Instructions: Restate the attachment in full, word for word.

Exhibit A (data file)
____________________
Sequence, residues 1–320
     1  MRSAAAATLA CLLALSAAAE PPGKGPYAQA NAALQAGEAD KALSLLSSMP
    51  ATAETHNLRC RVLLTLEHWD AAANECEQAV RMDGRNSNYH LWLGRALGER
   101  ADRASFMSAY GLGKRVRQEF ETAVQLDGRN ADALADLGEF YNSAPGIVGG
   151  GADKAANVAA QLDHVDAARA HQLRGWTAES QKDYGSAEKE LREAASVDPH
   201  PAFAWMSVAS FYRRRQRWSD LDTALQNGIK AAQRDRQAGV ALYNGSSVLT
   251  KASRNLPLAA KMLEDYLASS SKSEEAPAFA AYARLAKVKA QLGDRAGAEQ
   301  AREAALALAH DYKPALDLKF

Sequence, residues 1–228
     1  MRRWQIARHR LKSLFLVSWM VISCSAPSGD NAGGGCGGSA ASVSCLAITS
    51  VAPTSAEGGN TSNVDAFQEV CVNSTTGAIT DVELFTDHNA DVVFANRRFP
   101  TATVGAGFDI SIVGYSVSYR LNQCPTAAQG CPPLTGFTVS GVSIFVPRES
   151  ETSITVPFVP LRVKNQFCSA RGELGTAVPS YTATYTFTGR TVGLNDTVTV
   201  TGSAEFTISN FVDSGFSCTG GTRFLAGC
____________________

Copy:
Sequence, residues 1–320
     1  MRSAAAATLA CLLALSAAAE PPGKGPYAQA NAALQAGEAD KALSLLSSMP
    51  ATAETHNLRC RVLLTLEHWD AAANECEQAV RMDGRNSNYH LWLGRALGER
   101  ADRASFMSAY GLGKRVRQEF ETAVQLDGRN ADALADLGEF YNSAPGIVGG
   151  GADKAANVAA QLDHVDAARA HQLRGWTAES QKDYGSAEKE LREAASVDPH
   201  PAFAWMSVAS FYRRRQRWSD LDTALQNGIK AAQRDRQAGV ALYNGSSVLT
   251  KASRNLPLAA KMLEDYLASS SKSEEAPAFA AYARLAKVKA QLGDRAGAEQ
   301  AREAALALAH DYKPALDLKF

Sequence, residues 1–228
     1  MRRWQIARHR LKSLFLVSWM VISCSAPSGD NAGGGCGGSA ASVSCLAITS
    51  VAPTSAEGGN TSNVDAFQEV CVNSTTGAIT DVELFTDHNA DVVFANRRFP
   101  TATVGAGFDI SIVGYSVSYR LNQCPTAAQG CPPLTGFTVS GVSIFVPRES
   151  ETSITVPFVP LRVKNQFCSA RGELGTAVPS YTATYTFTGR TVGLNDTVTV
   201  TGSAEFTISN FVDSGFSCTG GTRFLAGC